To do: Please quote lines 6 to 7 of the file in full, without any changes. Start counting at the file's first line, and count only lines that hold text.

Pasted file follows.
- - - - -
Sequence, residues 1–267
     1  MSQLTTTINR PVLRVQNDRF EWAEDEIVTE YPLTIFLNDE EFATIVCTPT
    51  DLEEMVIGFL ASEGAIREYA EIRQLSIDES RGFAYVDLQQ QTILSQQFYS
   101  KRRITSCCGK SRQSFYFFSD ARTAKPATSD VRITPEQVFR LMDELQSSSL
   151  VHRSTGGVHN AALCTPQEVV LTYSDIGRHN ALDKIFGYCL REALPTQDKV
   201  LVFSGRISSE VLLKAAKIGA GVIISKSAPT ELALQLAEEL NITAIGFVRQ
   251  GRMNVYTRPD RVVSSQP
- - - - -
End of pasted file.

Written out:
   201  LVFSGRISSE VLLKAAKIGA GVIISKSAPT ELALQLAEEL NITAIGFVRQ
   251  GRMNVYTRPD RVVSSQP